I don’t know. I believe there is evidence of what I call the great awakening or enlightenment but the future has yet to unfold before it can be known.

    We need to have that great awakening overcome entertainment for profit. Two behemoths going at it with the fate of humanity in the balance.


  13. Bravo Pete!!! Yes, that’s the big question – how can we move it back? How can we do that when so many people are tied so emotionally to issues where it borders on supplanting rational thinking? How do we do this when there are people being paid right now to inflame things by getting people angry or afraid via mass media in virtually every form for short term political or societal gain completely unabated? How do we restore some balance and with that a shared reference point so that we can get back to the business of effective problem solving, both here and abroad, when it’s so desperately needed?

    If anyone has that all figured out, I’m all ears!

  14. One of the things that needs to be done this morning, but will be too hard for most of us über comfortable people to do, is to accept that the Paris perps are normal people just like us who have been led to the most horrific acts imaginable by the events of their lives. What could those events and forces be?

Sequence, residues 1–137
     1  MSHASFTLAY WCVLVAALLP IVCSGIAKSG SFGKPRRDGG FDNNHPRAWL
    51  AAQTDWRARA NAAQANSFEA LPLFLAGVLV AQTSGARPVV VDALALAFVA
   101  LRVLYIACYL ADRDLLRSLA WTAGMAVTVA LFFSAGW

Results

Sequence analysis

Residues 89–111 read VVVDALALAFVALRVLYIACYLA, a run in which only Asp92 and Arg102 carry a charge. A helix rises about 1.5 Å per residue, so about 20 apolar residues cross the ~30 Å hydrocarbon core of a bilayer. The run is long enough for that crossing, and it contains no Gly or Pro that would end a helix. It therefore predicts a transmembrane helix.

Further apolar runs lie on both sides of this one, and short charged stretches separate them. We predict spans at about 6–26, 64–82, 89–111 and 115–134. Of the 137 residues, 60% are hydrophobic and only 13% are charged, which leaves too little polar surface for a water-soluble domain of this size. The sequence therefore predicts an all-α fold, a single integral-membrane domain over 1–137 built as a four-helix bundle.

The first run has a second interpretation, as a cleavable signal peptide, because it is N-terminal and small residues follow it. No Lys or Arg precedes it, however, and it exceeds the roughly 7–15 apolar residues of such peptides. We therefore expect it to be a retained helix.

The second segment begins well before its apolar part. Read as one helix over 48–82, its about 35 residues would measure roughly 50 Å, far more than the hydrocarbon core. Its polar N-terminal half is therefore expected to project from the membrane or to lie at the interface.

Pretend you are a writer (I do every day). Could you imagine a plot that would create real characters who could end up behind those Kalishnakovs at that time and place?

    If you can, what can we do after now to change those events and forces? Anything? Can we say that it’s all completely out of our control and there is not a single change to our lives that would reduce our risk of being on the other side of those machines of death?

  15. How many of your neighbors do you know? How many of your neighbors know you? Have you been in one another’s homes, had conversations with them, know WHO they are? How can we be expected to turn this country around into a cohesive governmental body, working together to resolve problems when we can’t even hold a conversation with someone who lives 50 feet from our front door? Actual problems should be primary in the media, NOT the BS that seems utmost in the minds of the conservatives who have done what I expected – blamed President Obama for the attacks in Paris last night.